Viewpoints

Requiring labels for GMO foods makes no sense at all

Sen. Bernie Sanders speaks at a rally at the Vermont Statehouse on July 1 to mark the first state law to require the labeling of foods made with genetically modified ingredients. Congress passed a bill last week. But Karin Klein says such laws are misguided.
Sen. Bernie Sanders speaks at a rally at the Vermont Statehouse on July 1 to mark the first state law to require the labeling of foods made with genetically modified ingredients. Congress passed a bill last week. But Karin Klein says such laws are misguided. Associated Press

The bill that passed Congress last week requiring labeling of genetically engineered foods is a step toward better consumer information.

Or it’s a gift to the food industry because it does not require clear information on the label. Food companies could use icons or a barcode that would require scanning to get the information.

In truth, though, neither of those views makes sense because the whole idea of labeling GMO foods is simply illogical, unless and until information comes to light that indicates the food is in any way dangerous to human health.

Requiring labels on food has a philosophy behind it: Giving consumers information that affects human health, in terms of nutrition and safety. That’s why you’ll find calorie counts, nutrient measurements and warnings about potential allergens such as peanuts.

If GMO foods aren’t dangerous, why would we plaster the information on the label?

In the absence of evidence that the foods are inherently harmful, GMO opponents complain that they encourage heavy herbicide use. That’s true for the biggies – corn, soy, rapeseed (the source of canola oil). But loads of non-GMO foods are also grown with pesticides and herbicides, and no one’s getting worked up about labeling those.

While we’re at it, why not demand that foods be labeled for hormones, antibiotics, the exact chemicals used for fertilization and pest control, how much room the dairy cattle were given and how many male chicks were killed to produce that carton of eggs?

We all have things we’d like to know about our food, but there’s only so much room on labels, most of which people don’t read, anyway, studies have found.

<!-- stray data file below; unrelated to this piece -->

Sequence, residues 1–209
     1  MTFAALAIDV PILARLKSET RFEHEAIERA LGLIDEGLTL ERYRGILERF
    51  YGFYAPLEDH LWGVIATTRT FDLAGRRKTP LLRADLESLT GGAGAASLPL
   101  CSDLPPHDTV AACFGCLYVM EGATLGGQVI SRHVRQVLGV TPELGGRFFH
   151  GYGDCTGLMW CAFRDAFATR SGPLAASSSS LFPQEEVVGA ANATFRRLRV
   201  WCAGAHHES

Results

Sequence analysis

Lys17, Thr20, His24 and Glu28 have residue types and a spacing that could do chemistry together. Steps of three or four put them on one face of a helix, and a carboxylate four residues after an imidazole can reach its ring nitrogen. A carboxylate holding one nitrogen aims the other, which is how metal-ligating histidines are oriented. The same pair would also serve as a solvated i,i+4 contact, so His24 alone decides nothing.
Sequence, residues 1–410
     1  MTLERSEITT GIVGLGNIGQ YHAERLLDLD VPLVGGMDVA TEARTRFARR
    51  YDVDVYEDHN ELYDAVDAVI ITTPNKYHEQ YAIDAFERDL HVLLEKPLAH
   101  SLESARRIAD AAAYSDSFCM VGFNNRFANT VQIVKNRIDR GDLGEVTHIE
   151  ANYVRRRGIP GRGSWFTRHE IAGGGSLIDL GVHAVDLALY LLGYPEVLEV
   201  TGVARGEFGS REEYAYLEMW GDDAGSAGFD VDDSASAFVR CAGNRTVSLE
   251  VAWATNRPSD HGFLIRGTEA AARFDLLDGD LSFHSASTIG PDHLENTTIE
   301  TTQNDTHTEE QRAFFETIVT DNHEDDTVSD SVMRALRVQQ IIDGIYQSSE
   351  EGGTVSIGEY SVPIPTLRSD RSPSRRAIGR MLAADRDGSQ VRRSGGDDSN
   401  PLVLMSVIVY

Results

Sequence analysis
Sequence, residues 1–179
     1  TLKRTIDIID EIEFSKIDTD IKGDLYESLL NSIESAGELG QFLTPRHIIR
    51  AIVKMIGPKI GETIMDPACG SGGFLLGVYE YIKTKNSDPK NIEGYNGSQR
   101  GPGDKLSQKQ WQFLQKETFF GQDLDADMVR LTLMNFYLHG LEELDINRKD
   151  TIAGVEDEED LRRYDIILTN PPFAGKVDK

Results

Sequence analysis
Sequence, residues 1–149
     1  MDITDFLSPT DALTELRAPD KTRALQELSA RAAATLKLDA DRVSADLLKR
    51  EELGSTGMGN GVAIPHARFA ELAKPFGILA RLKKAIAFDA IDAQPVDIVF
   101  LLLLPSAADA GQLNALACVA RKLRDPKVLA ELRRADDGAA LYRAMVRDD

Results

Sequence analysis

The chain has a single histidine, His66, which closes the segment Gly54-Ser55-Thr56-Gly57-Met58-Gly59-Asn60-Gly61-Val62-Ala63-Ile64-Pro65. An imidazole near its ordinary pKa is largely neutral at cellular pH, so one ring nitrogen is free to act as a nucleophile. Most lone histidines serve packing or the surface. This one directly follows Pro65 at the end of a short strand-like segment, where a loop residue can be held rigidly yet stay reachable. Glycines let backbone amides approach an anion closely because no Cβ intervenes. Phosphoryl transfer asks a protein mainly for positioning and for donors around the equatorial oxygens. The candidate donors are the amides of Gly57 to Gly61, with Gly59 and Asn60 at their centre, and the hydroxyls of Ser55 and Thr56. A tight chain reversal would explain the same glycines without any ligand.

And GMO food is about more than enabling herbicide use. The papaya-growing industry in Hawaii was saved by the engineering of a papaya with resistance to a virus. Scientists have been developing rice imbued with nutrients to prevent malnutrition in developing countries and trying for citrus that might resist the greening disease that threatens the crop.

If the concern is pesticides, label for pesticides, which means it’s out of place to lump the other GMO foods in with them. Of course, the pesticide argument is a misdirection, a magician’s trick to draw attention from the real but unsubstantiated reason – the techno-fear that no matter what studies find, GMO foods are inherently dangerous because of the gene-tinkering. After all, the people who are that worried about pesticides are buying organic.

Guess what? Agriculture has been doing unnatural things to plant genes for millennia to produce more attractive foods. The ancient Mayans cross-bred corn to produce a palatable and productive form of it. Some 80 years ago, farmers claimed that it was unnatural and potentially harmful to bring hybridization to corn-growing.

Do you think the pluot (a plum-apricot hybrid) is a natural food? Or that supposedly “heirloom” tomatoes resemble the little berries that grew on the original, wild tomato plants? Food scientists also irradiate seeds or expose them to toxic chemicals to bring about mutations that they hope will prove desirable. Where are the cries for labeling those?

That’s why, in fact, the acronym GMO itself is imprecise, standing for genetically modified organism. Practically all our food is from genetically modified organisms.

If we want to rethink the purpose and amount of food labeling, fine. But let’s do it logically, from an overarching philosophy about which aspects of food need to be labeled, instead of picking off a single technology that happens to have set off people’s primal fears.

Karin Klein is a freelance journalist in Orange County who has covered education, science and food policy. She can be contacted at ochikes@yahoo.com.

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